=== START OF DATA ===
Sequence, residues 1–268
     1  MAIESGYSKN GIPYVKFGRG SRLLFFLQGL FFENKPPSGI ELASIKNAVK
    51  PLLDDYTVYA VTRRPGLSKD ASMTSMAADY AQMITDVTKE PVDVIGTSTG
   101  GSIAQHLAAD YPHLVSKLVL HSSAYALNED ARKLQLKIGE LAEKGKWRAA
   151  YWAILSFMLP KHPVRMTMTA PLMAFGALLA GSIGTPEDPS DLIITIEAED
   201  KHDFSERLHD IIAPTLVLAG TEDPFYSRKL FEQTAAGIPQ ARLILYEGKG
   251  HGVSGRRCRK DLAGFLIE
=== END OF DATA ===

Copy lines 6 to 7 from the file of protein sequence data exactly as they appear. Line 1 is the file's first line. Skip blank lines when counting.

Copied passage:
   201  KHDFSERLHD IIAPTLVLAG TEDPFYSRKL FEQTAAGIPQ ARLILYEGKG
   251  HGVSGRRCRK DLAGFLIE